A Royal Enfield is a vintage motor cycle
and not a place where the Queen keeps her

Stanhope, Phaeton, and Brougham are types
of horse-drawn carriage and not a firm of
Macclesfield solicitors.

The Vulgate is a Latin version of the
bible and not a street in York.

The Transuranics are elements and not
a rock group.

A dactylogram is a fingerprint and
not a message from a prehistoric bird.

Hapsburg is the name of the Austrian
royal line and not a lager.

Mungo Park is the name of a Scottish
explorer and not Dundee United's
football ground.

Gallophobia is fear of the French, not
of hanging.

The Diet of Worms was a religious edict
and not what kept the early bird alive.

There is one question which has fascinated me ever since the day it was first asked. This was "Where is Boadicea buried?". It appears that the last resting place of that scourge of the invading Romans is the site of the modern St. Pancras station, in London.......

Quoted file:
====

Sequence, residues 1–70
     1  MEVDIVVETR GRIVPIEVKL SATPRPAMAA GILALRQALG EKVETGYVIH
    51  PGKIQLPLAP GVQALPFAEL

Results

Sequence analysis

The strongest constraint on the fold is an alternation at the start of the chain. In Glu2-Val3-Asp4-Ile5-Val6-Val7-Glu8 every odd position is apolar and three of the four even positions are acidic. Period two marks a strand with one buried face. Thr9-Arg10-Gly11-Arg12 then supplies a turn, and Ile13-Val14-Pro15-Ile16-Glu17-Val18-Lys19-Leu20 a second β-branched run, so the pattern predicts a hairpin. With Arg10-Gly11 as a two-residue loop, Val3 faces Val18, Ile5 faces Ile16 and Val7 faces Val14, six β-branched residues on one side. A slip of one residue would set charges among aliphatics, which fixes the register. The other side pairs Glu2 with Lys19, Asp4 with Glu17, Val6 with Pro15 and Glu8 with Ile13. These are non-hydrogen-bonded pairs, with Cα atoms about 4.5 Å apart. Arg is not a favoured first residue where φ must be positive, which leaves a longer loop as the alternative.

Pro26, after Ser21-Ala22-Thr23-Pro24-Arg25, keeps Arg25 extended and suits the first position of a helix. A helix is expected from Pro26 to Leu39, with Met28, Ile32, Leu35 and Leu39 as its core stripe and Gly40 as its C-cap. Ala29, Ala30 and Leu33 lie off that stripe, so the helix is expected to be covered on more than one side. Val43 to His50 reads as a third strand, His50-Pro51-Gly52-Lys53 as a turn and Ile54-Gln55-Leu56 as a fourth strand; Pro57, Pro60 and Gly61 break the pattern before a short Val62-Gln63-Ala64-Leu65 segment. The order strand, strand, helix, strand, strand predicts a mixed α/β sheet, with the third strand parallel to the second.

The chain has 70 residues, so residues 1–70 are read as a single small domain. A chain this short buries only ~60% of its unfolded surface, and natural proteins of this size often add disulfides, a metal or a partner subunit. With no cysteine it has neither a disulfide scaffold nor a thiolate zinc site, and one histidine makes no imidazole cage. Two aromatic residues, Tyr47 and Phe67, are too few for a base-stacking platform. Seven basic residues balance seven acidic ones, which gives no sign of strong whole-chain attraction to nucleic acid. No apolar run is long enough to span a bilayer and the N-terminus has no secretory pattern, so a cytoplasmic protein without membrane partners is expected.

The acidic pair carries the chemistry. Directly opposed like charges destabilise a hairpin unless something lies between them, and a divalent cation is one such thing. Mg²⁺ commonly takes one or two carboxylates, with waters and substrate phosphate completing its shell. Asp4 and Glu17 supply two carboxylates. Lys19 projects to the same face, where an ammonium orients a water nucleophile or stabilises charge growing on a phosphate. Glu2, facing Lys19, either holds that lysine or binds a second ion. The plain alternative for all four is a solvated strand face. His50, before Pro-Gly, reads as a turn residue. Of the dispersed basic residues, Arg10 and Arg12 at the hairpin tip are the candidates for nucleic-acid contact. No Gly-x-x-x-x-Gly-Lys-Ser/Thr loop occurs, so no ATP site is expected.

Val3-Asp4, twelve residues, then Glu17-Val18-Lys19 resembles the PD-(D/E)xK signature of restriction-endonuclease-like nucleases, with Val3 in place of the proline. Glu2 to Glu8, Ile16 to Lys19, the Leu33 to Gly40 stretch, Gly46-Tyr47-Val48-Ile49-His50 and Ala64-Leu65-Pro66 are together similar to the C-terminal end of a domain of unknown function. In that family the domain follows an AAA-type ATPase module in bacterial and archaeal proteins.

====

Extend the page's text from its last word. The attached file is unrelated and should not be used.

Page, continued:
The Queen of the Iceni nation
lay underneath St. Pancras Station
proud and serene, she lay in state
still waiting for the 12.08

Two fearsome daughters and their Mum
had come to sack Londinium.
they'd done the job and had a feast
and all-triumphant, headed East.

The Queen consulted her adviser
Which form of transport was the wiser?
"My Queen", he said, "we're sitting pretty-
just put your trust in Inter-city!"

Her chariot of gold was sped
down to St. Pancras engine shed.
She checked the times and bought a seat,
first-class return to Watling Street.

The hours passed, she lost her daughters
Who'd wandered off in search of porters,
The Queen, her ladies, and her men
were never to be seen again.

The centuries they came and went
until some antiquarian gent
whilst studying her erstwhile race
confirmed the old Queen's resting place.

B.R., with keen anticipation
decided on an excavation.
this find would guarantee their fame-
they'd even have a change of name.

They'd call it Boadicea Station
the latest travellers sensation!
the crowds would flock from near and far
to the "Scythe and Chariot Burger Bar".

They dug beneath the London clay
and found where Boadicea lay.
around her head, a golden band
A London Saver in her hand.

The station-master, passing by
came to look, and gave a cry.
"Dear dear" he said "now don't you worry
we'll have this sorted in a hurry.